Art Reviews Toronto

Art Agenda: Nobuaki Onishi at Georgia Scherman, Marla Hlady at Jessica Bradley and James Gardner at LE Gallery

After a three week hiatus, I am back with a few quick peeks at some of what is going on in galleries around town. Things get a little sculpture-centric this time around with a look at three unique approaches to creating objects.

This week:

  • Nobuaki Onishi at Georgia Scherman Projects
    • "Set To Set" by Marla Hlady at Jessica Bradley Art + Projects
      • "Paintings in a Room" by James Gardner at LE Gallery
    • Nobuaki Onishi at Georgia Scherman Projects from February 10-March 12

      Art Shows Toronto


      When you walk into the main gallery space of Georgia Scherman, you could be forgiven for superficially just seeing a set of random objects sitting there. There's a shoe, an antler, a branch, a jaw bone... However, there's nothing random about the intricately detailed and delicate work of Nobuaki Onishi. His resin based sculptures are exercises in obsessive verisimilitude. They render things so realistic that they are almost impossible to tell from the real thing. This invites close inspection, at which point it's hard not to notice that he lets a few seams show. The unpainted resin is allowed its full nudity in a few of the disparate objects, creating a little joke about the nature of transparency in the art work. This is pushed further by the presence of a sculpted glass of water sitting by a window. Enriching the whole experience are the numerous instructions that litter the gallery about keeping your distance from the objects and wiping your shoes, adding a slightly ritualistic layer, and odd air of mystery, to the seemingly ordinary objects.

      Marla Hlady at Jessica Bradley Art + Projects from February 26-March 26.

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      Marla Hlady's audio-tactile sculptures at Jessica Bradley invite the viewer to touch them. Not just because they are made of a series of tastefully stained wooden boxes, but because doing so activates the audio portion of the piece. Each of the boxes making up the work contains a sample from a Nina Simone performance. As the gallery goer roves from one to the other, they are remixing the performance, creating sometimes startling contrasts. Essentially, she turns time in a series of physical objects which you can then stack up like the sonic equivalent of an evanescent Inukshuk.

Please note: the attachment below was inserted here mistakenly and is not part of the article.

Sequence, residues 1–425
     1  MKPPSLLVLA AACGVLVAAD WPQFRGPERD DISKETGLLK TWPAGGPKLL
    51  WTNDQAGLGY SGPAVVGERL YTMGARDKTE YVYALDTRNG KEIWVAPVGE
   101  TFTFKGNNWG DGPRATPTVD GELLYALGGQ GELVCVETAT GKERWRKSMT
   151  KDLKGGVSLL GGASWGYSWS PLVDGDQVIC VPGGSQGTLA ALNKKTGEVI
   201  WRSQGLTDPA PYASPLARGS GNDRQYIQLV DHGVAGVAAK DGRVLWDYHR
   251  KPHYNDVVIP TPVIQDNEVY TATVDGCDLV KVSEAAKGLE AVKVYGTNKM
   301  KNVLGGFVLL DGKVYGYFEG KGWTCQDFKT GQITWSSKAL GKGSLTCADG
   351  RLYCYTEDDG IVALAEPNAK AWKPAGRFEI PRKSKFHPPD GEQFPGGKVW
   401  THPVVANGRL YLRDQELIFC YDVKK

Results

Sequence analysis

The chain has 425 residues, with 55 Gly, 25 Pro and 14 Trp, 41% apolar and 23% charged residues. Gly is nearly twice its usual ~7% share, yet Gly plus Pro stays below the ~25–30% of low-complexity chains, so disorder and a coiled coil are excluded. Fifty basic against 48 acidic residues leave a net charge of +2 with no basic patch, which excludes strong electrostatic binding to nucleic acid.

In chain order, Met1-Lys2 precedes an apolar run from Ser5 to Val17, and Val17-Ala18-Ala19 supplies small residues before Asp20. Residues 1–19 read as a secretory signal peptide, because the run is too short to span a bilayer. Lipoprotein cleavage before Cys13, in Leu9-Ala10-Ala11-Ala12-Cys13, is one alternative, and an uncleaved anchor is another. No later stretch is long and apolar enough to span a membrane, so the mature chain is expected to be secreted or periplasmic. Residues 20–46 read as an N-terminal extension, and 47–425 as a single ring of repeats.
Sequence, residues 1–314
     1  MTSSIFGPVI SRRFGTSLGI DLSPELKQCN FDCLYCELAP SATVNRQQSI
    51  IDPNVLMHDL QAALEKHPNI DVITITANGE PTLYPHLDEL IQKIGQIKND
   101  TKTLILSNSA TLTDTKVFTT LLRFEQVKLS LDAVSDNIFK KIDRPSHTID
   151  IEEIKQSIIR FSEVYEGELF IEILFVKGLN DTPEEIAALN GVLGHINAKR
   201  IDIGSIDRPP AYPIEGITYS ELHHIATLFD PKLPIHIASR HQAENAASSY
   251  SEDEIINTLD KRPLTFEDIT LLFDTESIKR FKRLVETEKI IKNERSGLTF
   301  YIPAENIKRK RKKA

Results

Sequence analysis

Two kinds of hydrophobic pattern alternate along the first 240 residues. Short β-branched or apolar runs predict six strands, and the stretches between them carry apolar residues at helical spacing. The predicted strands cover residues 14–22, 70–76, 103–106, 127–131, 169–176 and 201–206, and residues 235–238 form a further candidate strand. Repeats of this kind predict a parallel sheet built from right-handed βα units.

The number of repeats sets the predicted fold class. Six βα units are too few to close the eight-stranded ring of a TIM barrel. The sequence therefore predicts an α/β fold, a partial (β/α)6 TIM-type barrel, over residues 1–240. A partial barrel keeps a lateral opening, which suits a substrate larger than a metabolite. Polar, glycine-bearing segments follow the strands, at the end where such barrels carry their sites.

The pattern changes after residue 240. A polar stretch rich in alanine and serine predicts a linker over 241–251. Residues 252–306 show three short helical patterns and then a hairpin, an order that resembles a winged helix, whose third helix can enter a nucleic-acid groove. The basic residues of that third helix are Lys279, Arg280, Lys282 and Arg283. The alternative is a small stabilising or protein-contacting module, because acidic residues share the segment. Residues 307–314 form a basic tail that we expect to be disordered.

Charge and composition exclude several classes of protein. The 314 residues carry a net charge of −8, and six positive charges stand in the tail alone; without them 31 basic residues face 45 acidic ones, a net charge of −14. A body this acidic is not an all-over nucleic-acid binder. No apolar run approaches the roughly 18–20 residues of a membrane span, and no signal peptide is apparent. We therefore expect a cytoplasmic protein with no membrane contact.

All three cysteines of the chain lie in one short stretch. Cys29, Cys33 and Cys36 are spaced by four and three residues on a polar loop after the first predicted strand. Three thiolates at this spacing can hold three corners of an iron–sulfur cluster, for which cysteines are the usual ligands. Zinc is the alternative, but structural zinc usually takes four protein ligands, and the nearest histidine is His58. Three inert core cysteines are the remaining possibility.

James Gardner at LE Gallery from March 4-27.


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      The latest show by James Gardner at LE Gallery features a series of hybridized paintings/sculptures which take apart the normal dichotomy between the surface and the support of a painted work. He turns everything inside out with what amounts to a kind of gallery gore show. If a painting is a kind of skin, what it hangs on - from the board to all elements of the gallery - are basically the guts it holds together. This highly physical play on space is what he creates, depicting shrunken, yet still bloated abstract expressionist paintings receding in the upper cavity of the pieces. From a distance the works appear almost like inflatable or soft sculptures. On closer inspection though, their heaviness and excess of splintering details becomes apparent. Oil paint is rendered like stucco on the miniature gallery walls, but it is the densely layered floorboards, twisting up as if revealing the sedimentary layers of the gallery space, that dominates.

      Also this week:

      If you're at the LE to see the Gardner show, be sure to pop into the back gallery to see Scott Waters' latest examination of weapon fetishism. Actually, it serves as an interesting accompaniment to Jennifer Wardle's current show at The DepArtment. It showcases owls cats and other creatures in rustic scenes overrun by helicopter attacks.


      Images courtesy of LE Gallery, Georgia Scherman Projects and Jessica Bradley Art + Projects.


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